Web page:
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The Phoenicians, Atlantis, and the Richat Structure


Thanos5150

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Posted (edited)

The term "continent" translates the Greek word ἤπειρος, meaning "landmass, terra firma", the proper name of Epirus and later especially used for Asia (i.e. Asia Minor).[77]

The first distinction between continents was made by ancient Greek mariners who gave the names Europe and Asia to the lands on either side of the waterways of the Aegean Sea,

https://en.wikipedia.org/wiki/Continent

the opposite continent which surrounded the true ocean; for this sea which is within the Straits of Heracles is only a harbour, having a narrow entrance, but that other is a real sea, and the surrounding land may be most truly called a boundless continent.

http://classics.mit.edu/Plato/timaeus.html

Edited by docyabut2
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Posted (edited)

This all the greeks knew of the ancient world map even in 300bc, the time of Plato

Reconstruction of world map according to Dicaearchus (300 B.C.)

111.JPEG

 

Edited by docyabut2
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20 minutes ago, docyabut2 said:

This all the greeks knew of the ancient world map even in 300bc, the time of Plato

Reconstruction of world map according to Dicaearchus (300 B.C.)

111.JPEG

 

No

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1 hour ago, Abramelin said:

The "Eye of Africa" isn't located where your map puts it, Atalante.

It's a lot more to the west, near the Atlantic coast.

578556d0dd0895ba408b497a.jpg.98ee6b5e927e8f99cba9012742e655f1.jpg

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36 minutes ago, docyabut2 said:

This all the greeks knew of the ancient world map even in 300bc, the time of Plato

Reconstruction of world map according to Dicaearchus (300 B.C.)

111.JPEG

 

The Phoenicians knew a lot more.

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9 hours ago, Abramelin said:

So you and Harte both assume the ancient Greek did the same?

No.
Your own screenshot shows they had several words for it.
IIRC, it doesn't even show all of them. 

We have (basically) two.

Harte

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9 hours ago, Abramelin said:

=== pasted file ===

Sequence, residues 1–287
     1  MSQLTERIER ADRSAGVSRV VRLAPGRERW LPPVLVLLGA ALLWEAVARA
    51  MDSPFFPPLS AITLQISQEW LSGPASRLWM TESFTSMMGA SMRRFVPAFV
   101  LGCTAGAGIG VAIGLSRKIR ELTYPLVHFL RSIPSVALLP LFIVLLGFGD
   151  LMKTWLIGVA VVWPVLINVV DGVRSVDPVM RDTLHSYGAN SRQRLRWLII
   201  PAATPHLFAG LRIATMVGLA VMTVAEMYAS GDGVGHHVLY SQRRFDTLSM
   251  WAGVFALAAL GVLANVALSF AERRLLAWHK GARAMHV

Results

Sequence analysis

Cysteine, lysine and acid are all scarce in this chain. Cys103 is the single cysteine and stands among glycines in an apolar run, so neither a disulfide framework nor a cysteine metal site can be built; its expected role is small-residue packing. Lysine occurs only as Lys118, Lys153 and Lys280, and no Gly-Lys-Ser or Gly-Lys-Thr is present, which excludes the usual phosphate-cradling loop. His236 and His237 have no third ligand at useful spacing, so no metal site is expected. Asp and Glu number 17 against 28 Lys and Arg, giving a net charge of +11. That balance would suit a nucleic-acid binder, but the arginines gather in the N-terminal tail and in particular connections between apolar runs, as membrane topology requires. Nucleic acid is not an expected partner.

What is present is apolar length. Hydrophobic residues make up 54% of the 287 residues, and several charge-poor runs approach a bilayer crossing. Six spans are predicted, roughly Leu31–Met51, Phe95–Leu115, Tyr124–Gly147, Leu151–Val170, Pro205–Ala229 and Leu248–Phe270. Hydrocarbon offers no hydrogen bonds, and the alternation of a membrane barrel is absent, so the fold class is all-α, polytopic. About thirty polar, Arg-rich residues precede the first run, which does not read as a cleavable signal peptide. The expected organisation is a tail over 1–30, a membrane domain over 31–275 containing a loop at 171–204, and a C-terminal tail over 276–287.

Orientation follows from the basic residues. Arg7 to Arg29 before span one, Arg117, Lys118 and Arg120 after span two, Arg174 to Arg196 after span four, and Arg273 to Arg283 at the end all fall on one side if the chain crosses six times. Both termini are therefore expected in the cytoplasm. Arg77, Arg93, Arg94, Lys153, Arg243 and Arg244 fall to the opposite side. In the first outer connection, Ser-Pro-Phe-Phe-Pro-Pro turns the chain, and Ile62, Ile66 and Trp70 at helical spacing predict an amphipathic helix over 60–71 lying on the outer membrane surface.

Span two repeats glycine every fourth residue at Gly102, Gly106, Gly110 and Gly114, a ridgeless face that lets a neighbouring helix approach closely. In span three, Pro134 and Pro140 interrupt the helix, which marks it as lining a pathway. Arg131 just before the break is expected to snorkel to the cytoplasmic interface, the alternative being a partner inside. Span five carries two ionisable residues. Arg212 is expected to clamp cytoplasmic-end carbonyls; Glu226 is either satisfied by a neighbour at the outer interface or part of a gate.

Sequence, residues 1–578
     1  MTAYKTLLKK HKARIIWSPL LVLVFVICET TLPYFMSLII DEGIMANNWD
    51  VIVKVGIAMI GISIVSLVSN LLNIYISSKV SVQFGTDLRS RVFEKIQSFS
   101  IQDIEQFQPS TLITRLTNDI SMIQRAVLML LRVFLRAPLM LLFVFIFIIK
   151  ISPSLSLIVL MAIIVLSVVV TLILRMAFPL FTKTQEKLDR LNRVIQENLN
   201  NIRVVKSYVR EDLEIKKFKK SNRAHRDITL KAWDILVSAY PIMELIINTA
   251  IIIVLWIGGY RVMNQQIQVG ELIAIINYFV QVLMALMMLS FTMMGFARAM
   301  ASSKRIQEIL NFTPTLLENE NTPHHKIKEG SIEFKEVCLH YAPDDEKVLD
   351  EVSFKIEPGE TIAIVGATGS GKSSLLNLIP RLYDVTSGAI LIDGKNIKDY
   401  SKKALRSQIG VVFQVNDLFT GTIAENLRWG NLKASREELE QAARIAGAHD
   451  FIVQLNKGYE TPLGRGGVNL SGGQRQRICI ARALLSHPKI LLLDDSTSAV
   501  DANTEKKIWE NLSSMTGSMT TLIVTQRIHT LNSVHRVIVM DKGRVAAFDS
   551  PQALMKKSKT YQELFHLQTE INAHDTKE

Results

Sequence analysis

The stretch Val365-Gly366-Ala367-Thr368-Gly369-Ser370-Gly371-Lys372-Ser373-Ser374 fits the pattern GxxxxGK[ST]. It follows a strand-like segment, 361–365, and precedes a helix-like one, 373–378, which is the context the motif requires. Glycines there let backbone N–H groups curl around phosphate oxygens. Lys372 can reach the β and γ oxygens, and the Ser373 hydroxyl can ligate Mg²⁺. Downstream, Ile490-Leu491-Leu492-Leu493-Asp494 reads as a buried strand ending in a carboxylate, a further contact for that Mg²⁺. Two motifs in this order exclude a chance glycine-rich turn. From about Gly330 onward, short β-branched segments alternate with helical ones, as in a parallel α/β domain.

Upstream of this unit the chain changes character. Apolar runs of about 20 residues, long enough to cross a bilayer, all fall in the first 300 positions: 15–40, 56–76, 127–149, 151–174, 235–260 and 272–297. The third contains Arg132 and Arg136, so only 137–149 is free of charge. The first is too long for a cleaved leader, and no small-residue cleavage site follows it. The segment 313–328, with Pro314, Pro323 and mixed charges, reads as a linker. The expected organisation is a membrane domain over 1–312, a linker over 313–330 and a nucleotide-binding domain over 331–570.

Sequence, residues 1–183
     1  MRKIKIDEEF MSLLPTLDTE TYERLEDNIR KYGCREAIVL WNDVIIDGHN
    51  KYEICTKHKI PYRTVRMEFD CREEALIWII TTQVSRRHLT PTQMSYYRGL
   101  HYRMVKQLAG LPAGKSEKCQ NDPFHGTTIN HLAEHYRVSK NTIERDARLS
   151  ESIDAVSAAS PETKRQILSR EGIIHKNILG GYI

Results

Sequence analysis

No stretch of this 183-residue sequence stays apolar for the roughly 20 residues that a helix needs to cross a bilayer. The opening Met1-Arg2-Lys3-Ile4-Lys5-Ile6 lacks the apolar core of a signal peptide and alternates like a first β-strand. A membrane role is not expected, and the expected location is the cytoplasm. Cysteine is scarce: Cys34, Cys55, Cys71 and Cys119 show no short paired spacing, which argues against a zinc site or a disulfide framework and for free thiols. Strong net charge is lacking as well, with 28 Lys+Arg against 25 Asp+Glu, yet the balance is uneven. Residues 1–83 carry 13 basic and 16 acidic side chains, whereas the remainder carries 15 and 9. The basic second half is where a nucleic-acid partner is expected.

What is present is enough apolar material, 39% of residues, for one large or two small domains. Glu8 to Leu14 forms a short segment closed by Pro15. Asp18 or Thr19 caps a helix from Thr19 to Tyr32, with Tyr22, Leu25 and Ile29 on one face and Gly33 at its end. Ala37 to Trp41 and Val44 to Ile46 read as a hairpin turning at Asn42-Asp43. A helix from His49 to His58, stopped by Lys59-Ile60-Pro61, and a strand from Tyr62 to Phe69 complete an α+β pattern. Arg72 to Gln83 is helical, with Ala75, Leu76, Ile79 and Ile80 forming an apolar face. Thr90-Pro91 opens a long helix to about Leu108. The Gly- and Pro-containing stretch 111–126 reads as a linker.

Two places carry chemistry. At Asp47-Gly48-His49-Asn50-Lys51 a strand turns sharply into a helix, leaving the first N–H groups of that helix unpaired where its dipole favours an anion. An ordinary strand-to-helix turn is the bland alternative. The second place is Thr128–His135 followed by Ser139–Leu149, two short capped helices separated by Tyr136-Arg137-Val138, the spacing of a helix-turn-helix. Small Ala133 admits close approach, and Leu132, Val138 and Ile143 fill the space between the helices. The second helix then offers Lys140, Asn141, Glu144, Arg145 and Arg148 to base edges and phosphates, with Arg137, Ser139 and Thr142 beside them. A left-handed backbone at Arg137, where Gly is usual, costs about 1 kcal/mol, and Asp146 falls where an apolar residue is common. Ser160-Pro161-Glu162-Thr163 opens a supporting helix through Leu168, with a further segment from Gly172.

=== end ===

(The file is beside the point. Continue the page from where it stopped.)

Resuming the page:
Plato sure comes across as being very meticulous with his use of words.

That we have become sloppy doesn't necessarily mean the ancient Greeks were too.

I wouldn't be too sure until I learned why he used 4 different terms for sea, and what he was indicating by doing so.
A translator doesn't merely change Greek words into English words. There is an effort to tell it like the author.
I said to Rojack that the use of the word "ocean" in the English translation was to sort of convey that Plato had used a different term for "sea" there and the translator didn't want to just translate all four different words as if they were the same word - because they weren't written as the same word originally.
Harte

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Posted (edited)
3 hours ago, Abramelin said:

The "Eye of Africa" isn't located where your map puts it, Atalante.

It's a lot more to the west, near the Atlantic coast.

Yes.  A slopy use of the phrase "Eye of the Sahara" was inserted in that map.  

Here is a cleaner map of the Atlas Basin, still by Zhang.  

IJH-05-00275-g002a.png

The point I intended to make is that your post for what the Plato Project suggests as an itinerary of Hanno -- resembles the outside border of the Atlas Basin.

You posted:  

annon.jpg

Edited by atalante
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15 hours ago, Essan said:


Personally I wouldn't take the word of an anonymous person posting on a forum.   To accurately map out ancient lakes and water courses under the Sahara would take some serious surveying work and is not the sort of think you can do remotely.    And you cannot identify a dried up, sand covered, waterfall from a satellite image.   You need to be there on the ground and excavate the geology.

Hi Essan

Have wondered if some culture that had existed in the Mega Lake Chad area and disappeared with climate change as it was quite lush in the Green Sahara

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Posted (edited)
9 hours ago, Harte said:

No.
Your own screenshot shows they had several words for it.
IIRC, it doesn't even show all of them. 

We have (basically) two.

Harte